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White House won't fund NASA moon program

President Obama's budget proposal includes no money for the Ares 1 rocket or Constellation program, sources say. Instead, NASA would be asked to monitor climate change and develop a new rocket.

January 27, 2010|By Robert Block and Mark K. Matthews

Reporting from Washington and Cape Canaveral, Fla. — NASA's plans to return astronauts to the moon are dead. So are the rockets being designed to take them there, if President Obama gets his way.

When the White House releases its budget proposal Monday, there will be no money for the Constellation program that was to return humans to the moon by 2020. The Ares I rocket that was to replace the space shuttle to ferry humans to space will be gone, along with money for the Ares V cargo rocket that was to launch the fuel and supplies needed to return to the moon. There will be no lunar landers, no moon bases.

"We certainly don't need to go back to the moon," one administration official said.

Instead, according to White House insiders, agency officials, industry executives and congressional sources familiar with Obama's plans, NASA will look at developing a "heavy-lift" rocket that one day will take humans and robots to explore beyond low-Earth orbit. That day will be years away.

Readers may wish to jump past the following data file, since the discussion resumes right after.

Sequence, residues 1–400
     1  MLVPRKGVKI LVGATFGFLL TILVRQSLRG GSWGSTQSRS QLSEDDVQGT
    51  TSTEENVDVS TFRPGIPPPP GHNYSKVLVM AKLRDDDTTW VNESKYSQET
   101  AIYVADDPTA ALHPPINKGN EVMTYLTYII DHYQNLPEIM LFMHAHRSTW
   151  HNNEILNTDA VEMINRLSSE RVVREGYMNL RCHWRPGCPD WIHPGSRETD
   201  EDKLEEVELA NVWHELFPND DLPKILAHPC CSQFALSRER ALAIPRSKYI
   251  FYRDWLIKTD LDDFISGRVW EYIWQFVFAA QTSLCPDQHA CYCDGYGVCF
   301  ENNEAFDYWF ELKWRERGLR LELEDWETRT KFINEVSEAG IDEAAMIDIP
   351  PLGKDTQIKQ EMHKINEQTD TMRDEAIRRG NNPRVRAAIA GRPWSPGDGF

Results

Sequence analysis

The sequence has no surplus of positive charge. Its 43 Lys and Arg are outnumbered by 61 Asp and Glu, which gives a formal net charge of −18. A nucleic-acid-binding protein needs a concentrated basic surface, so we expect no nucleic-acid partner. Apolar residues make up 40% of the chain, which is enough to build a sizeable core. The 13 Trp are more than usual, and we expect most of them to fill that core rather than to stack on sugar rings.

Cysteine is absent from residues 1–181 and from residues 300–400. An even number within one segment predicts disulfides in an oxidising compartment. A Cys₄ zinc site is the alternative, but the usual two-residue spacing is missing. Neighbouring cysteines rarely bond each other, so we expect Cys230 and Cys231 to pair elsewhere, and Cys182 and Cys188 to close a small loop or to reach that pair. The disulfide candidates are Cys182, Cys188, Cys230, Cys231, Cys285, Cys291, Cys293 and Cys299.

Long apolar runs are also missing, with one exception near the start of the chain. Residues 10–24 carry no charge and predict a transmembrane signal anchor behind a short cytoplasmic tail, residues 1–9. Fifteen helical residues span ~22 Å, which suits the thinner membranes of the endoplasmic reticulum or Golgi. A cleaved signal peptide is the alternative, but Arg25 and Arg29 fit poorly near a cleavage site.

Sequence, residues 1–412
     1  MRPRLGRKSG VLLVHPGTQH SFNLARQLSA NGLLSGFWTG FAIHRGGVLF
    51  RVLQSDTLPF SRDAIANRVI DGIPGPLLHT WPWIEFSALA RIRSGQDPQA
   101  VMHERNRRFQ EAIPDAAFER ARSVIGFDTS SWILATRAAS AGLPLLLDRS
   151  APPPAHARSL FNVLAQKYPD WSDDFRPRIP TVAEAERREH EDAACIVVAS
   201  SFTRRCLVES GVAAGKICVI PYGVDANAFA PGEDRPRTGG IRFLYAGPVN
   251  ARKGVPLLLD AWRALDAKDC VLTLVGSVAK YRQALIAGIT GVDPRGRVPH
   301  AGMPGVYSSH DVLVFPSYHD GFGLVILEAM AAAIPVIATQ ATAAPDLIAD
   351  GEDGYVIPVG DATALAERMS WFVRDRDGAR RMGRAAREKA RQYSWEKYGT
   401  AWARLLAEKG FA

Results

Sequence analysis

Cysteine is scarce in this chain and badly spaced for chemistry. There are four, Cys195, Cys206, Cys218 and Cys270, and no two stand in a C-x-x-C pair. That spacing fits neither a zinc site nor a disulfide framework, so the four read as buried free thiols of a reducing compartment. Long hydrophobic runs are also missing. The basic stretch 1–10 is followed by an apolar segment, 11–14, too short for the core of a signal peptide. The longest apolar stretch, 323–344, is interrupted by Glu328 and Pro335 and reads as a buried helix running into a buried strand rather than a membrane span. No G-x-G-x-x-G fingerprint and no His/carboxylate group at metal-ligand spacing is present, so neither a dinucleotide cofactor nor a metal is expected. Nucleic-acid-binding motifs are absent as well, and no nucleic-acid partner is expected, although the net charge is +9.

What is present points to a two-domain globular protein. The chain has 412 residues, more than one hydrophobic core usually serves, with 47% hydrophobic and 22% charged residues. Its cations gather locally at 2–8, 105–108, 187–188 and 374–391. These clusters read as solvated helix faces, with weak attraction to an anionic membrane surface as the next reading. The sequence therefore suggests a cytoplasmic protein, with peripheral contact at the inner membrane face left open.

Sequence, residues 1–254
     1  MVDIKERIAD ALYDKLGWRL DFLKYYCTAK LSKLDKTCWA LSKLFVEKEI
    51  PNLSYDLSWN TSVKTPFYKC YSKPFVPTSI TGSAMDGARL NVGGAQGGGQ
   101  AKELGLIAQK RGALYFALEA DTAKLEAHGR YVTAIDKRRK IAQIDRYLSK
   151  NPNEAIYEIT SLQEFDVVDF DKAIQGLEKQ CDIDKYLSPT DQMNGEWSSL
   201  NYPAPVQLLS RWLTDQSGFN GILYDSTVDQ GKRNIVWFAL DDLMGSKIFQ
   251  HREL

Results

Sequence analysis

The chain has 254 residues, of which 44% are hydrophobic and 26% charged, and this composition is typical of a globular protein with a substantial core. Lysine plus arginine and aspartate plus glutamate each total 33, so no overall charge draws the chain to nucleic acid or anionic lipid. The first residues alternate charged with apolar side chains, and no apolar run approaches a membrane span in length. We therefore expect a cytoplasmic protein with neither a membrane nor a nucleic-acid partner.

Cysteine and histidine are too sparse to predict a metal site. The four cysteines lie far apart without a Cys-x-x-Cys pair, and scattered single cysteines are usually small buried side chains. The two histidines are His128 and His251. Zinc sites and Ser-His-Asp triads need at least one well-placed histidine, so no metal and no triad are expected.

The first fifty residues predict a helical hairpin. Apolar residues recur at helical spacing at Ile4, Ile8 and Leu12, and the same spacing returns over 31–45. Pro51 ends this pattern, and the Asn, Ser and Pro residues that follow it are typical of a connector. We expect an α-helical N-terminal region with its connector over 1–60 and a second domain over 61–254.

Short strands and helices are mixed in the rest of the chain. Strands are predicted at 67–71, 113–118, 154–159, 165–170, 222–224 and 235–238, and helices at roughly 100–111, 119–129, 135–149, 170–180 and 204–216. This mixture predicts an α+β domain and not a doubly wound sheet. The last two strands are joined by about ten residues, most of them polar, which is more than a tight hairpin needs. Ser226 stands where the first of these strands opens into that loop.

The White House will direct NASA to concentrate on Earth-science projects -- principally, researching and monitoring climate change -- and on a new technology research and development program designed to someday enable human exploration of asteroids and the inner solar system.

Everyone interviewed for this article spoke on condition of anonymity, either because they are not authorized to speak for the White House or because they fear for their jobs. All are familiar with the broad sweep of Obama's budget proposal, but none would talk about specific numbers because these are being tightly held by the White House until the release of the budget.

But senior administration officials say the president's proposed spending freeze for some federal agencies is not going to apply to the space agency in this budget. Officials said NASA expected to see some "modest" increase in its current $18.7-billion annual budget -- possibly $200 million to $300 million, but far less than the $1-billion boost agency officials had hoped for.

They also said that the White House planned to extend the life of the International Space Station to at least 2020.

rblock@orlandosentinel.com

mmatthews@ orlandosentinel.com

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